Nissan agrees to settle CVT (continuously variable transmission) class-action lawsuit.

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Nissan Pathfinder and Infiniti QX60 Transmission Lawsuit Almost Settled
Nissan agrees to settle CVT (continuously variable transmission) class-action lawsuit.

— A Nissan Pathfinder and Infiniti QX60 continuously variable transmission (CVT) lawsuit is nearly over as Nissan agreed to settle claims concerning 2013-2014 Nissan Pathfinder and Infiniti QX60 vehicles.

The plaintiffs claim the continuously variable transmissions installed in the Pathfinders and QX60s are “prone to causing sudden, unexpected shaking and violent jerking.” The lawsuit alleges the Nissan Pathfinder and Infiniti QX60 transmissions can prevent the vehicles from accelerating as intended because of violent shuddering and jerking actions.

The vehicles are equipped with continuously variable transmissions known as the “JATCO CVT8HT” that were allegedly defective before they were even installed in the vehicles.

The settlement agreement concludes three separate class-action lawsuits that allege Nissan transmissions cause the Nissan and Infiniti vehicles to violently shake and jerk during acceleration. The plaintiffs claim Nissan knew about the transmissions but refused to recall the vehicles, leaving owners driving vehicles that were clearly dangerous.

The lawsuit also alleges owners had no choice but to pay for repairs to the transmissions while the automaker refused to reimburse consumers for the expense.

The automaker advertised the Nissan and Infiniti vehicles as being safe while knowing about the transmission problems, all so the automaker could make money while putting occupants in danger.

The plaintiffs say the combination of the transmission judder and the failure of the vehicle to accelerate is associated with a "CVT belt slip" condition that creates a danger to all on the roads.

The plaintiffs say Nissan began developing a software countermeasure before any of the vehicles were sold and as of the first week of December 2012, Nissan was secretly reprogramming Pathfinder and QX60 vehicles prior to sale.

The CVT lawsuit also alleges a technical service bulletin was issued to dealers within the first three months of the first sale of the affected vehicles. The first attempt at a fix through software reprogramming allegedly failed to address the transmissions symptoms of shuddering, jerking and shaking.

The lawsuit alleges that less than five weeks after the Nissan Pathfinder and Infiniti QX60 vehicles went on sale, Nissan began reprogramming the software installed on the transmission control units of the vehicles. According to the plaintiffs, the reprogramming was a failed attempt to fix the juddering and belt slip of the transmissions by using software as a "countermeasure" to fix the symptoms.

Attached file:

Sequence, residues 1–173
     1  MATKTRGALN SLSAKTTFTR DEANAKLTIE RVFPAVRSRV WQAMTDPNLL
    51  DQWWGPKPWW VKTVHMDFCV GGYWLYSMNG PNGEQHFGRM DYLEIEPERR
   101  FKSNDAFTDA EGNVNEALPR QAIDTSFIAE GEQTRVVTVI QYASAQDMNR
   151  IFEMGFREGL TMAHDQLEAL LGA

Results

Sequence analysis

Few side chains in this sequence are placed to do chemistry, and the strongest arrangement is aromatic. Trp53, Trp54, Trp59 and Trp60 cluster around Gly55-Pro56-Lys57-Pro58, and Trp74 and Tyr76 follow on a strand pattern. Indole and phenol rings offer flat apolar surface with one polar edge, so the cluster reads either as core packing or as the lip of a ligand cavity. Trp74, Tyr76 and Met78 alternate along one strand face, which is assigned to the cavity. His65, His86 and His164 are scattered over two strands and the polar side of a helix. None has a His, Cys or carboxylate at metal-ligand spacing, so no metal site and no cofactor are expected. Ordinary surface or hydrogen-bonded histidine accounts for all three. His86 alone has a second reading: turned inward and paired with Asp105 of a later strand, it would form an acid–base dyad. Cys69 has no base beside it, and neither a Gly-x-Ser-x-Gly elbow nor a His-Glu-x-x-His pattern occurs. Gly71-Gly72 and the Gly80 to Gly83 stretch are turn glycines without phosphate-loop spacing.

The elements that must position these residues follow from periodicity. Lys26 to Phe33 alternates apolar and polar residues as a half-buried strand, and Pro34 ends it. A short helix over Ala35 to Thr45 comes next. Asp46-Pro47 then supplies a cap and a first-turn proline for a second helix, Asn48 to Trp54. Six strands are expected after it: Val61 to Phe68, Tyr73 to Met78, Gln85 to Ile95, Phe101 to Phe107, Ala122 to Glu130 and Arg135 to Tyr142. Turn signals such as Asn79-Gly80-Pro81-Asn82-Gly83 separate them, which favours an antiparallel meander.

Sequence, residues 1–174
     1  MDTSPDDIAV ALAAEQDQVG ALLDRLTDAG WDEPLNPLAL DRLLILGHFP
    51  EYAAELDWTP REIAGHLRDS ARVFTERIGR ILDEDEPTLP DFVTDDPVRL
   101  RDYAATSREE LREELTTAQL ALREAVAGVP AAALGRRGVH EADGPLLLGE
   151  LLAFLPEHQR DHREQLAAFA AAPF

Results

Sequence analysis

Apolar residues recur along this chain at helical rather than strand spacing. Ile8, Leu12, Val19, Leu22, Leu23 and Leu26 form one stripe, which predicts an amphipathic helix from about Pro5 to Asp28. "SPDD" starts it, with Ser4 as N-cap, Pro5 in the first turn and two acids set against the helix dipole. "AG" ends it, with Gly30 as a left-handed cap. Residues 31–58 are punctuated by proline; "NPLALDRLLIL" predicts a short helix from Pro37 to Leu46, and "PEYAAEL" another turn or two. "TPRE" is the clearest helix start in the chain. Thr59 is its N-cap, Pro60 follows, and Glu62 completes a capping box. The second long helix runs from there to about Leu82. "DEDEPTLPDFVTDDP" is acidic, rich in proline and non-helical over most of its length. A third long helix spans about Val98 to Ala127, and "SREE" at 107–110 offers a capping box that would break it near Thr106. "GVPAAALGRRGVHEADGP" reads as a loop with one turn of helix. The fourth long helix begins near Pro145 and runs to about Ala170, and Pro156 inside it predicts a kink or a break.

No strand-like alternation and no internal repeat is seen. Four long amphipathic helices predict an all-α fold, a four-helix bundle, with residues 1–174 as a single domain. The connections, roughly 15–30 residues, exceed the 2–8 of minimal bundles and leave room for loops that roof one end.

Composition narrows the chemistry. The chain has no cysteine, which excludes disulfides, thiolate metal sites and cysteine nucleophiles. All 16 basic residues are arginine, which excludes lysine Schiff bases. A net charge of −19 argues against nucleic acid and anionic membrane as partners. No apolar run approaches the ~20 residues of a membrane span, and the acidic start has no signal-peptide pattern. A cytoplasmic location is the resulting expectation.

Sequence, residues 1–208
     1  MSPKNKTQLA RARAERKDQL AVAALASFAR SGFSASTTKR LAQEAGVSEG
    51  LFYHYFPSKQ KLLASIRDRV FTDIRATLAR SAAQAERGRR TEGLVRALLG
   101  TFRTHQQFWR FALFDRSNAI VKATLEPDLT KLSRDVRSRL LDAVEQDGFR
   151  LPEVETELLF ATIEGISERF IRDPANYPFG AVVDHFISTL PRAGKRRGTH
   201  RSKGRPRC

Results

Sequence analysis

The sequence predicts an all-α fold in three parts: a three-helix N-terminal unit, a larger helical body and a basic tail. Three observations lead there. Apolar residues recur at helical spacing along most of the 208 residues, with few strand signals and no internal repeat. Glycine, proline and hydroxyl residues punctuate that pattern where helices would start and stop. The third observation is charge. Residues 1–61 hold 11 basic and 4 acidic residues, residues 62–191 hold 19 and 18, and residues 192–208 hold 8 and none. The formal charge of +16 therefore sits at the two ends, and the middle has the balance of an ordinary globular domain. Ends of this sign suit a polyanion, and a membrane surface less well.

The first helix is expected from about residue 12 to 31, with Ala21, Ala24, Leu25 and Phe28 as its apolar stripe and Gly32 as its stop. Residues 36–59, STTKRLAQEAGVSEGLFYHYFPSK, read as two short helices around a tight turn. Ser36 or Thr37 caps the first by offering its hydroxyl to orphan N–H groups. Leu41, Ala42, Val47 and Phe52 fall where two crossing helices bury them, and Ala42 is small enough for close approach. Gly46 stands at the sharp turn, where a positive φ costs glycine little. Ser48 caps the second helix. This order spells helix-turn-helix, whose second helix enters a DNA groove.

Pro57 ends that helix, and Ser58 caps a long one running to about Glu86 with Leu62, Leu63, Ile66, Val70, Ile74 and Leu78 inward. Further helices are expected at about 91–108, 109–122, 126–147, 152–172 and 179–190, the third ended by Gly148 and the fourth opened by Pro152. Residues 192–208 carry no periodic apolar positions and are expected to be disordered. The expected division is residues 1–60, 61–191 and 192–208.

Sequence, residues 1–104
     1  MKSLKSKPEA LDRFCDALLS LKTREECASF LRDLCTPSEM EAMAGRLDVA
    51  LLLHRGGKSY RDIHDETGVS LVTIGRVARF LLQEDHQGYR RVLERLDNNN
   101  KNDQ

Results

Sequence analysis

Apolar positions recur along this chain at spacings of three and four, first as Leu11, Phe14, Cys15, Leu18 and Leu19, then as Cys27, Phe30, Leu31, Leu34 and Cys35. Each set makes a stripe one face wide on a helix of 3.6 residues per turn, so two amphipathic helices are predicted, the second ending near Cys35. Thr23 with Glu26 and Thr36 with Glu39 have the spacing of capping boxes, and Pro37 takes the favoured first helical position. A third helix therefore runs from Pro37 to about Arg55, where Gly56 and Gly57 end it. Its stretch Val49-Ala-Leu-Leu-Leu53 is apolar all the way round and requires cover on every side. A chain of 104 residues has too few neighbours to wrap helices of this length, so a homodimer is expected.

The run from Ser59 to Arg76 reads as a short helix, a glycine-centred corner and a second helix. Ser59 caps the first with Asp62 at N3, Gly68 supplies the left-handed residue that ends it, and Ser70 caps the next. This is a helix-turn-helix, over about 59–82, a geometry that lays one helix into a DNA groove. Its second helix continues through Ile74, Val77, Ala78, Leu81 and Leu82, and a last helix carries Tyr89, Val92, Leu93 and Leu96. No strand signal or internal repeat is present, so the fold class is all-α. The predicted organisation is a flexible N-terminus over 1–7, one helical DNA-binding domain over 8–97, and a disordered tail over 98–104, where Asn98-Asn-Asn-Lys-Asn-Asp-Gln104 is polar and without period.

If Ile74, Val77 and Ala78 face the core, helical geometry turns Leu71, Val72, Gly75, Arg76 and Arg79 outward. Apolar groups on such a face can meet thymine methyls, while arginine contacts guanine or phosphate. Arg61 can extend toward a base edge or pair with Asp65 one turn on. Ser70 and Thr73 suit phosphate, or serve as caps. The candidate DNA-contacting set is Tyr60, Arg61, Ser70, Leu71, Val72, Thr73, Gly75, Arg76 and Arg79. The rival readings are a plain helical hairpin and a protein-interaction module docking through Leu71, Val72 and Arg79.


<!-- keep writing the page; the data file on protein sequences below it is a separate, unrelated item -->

The plaintiffs claim Nissan and Infinity ignored transmission complaints and kept selling the vehicles even though the transmissions were defective.

Nissan says it decided to settle the lawsuit instead of spending what could be years in court. However, the automaker continues to deny there are problems with the transmissions.

Court documents say Nissan uses other CVTs that don't experience the transmission problems because they are belt-driven, whereas the transmissions affected by the alleged defect are a chain-driven design.

If the settlement agreement is finalized by the court, affected Nissan and Infiniti owners and lessees will receive a transmission software update and a warranty extension by 24 months or 24,000 miles. However, the warranty coverage affects only certain aspects of the transmissions and not the transmission control units.

Former 2013-2014 model year Nissan Pathfinder and Infiniti QX60 owners will qualify for Nissan's "vehicle purchase program" (VPP) that enables a consumer to purchase or lease a Nissan or Infiniti vehicle at a pre-negotiated price. However, there are details that apply to the offer.

A former owner will only qualify if they can show warranty records of having at least two transmission replacements or repairs to the torque converters or transmission assemblies. Additionally, a consumer must take advantage of the Nissan VPP offer by March 15, 2018.

The Nissan Pathfinder and Infiniti QX60 transmission lawsuit was filed in the U.S. District Court for the Southern District of Florida - Batista vs. Nissan North America, Inc.

The plaintiffs are represented by Berger & Montague PC, Cory Watson, P.C., Newsome Melton LLP, and Weil Quaranta McGovern PA. has complaints about Nissan Pathfinder and Infiniti QX60 vehicles.


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